Mr. Carter recently started seeing a psychiatrist for the first time, prompted by the changes in the country and his own life. “At Spy, we would tack on the epithet ‘survivor’ to somebody, as if it was a negative term,” he said. “And you realized, after awhile, it’s actually a positive term. Just surviving in life, in this life, is difficult enough.”

In the pages of his magazine and the clubby dining rooms of his restaurants, Mr. Carter created a version of the fantasy Manhattan that intoxicated him as a child: ice-cold martinis, bon vivant writers, gimlet-eyed gossip in the manner of one of his favorite films, “Sweet Smell of Success.”

That world is fading. “I’m by nature a very wistful person,’’ Mr. Carter said. “And I miss the black-and-whiteness of the 20th century.”

As for Mr. Trump, the president has frequently taunted Mr. Carter on Twitter. Now that Mr. Carter is stepping down, does he expect a gloating tweet from the Oval Office?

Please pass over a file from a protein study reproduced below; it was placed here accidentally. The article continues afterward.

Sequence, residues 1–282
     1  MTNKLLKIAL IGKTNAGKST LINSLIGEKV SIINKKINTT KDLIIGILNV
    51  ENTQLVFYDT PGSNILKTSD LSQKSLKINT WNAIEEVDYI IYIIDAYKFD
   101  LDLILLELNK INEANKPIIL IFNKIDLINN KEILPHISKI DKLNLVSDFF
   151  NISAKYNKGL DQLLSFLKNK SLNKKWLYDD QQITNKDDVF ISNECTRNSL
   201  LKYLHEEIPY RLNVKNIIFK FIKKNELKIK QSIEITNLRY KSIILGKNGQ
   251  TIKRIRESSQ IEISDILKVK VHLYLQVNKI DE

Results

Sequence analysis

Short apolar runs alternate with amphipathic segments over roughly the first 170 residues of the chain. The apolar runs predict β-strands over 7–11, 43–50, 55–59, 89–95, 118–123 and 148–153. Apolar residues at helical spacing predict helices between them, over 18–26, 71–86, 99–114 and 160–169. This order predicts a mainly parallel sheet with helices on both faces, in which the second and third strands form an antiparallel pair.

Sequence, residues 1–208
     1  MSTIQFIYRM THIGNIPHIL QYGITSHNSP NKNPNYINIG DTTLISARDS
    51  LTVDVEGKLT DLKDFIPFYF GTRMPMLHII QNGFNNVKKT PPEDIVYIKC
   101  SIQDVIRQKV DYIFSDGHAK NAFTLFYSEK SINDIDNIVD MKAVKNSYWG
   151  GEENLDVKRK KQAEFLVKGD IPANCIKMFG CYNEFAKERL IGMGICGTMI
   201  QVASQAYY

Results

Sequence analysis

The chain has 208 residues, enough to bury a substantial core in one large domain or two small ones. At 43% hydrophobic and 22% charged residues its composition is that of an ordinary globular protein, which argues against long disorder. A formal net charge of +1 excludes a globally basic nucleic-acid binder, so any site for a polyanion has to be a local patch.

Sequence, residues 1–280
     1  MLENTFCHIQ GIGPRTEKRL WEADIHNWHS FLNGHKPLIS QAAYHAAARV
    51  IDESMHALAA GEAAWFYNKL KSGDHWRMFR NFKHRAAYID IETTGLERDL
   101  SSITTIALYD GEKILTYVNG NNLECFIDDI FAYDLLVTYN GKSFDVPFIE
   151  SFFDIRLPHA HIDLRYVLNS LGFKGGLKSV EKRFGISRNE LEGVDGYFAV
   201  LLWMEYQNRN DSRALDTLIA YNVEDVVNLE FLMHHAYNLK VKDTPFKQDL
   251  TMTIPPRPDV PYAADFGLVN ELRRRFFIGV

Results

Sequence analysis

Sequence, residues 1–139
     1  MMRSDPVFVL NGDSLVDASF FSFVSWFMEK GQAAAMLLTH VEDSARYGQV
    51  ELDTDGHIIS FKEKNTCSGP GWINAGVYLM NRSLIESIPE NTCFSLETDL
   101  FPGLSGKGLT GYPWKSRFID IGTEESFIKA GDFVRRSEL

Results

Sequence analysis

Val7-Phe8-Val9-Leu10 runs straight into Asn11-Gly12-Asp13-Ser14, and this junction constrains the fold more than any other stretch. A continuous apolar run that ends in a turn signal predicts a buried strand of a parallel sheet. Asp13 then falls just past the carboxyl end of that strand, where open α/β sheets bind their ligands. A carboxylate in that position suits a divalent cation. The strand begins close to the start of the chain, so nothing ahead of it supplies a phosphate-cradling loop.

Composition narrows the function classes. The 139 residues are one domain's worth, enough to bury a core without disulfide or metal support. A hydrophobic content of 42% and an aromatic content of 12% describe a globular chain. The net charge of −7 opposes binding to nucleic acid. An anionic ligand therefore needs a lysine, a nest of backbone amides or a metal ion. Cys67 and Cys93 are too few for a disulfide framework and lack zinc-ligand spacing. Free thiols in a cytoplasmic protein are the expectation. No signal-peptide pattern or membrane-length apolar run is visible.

“He’s tweeted about me 42 times, all in the negative,” Mr. Carter said. “So I blew up all the tweets and I framed them all. They’re all on a wall — this is the only wall Trump’s built — outside my office. There’s a space left for one more tweet to complete the bottom line. So if he does, I’m just going to call our framer, and say we need one more.”

“It should be a little bright spot in his administration,” Mr. Carter added, puckishly. “And if he’s smart, he won’t say anything.”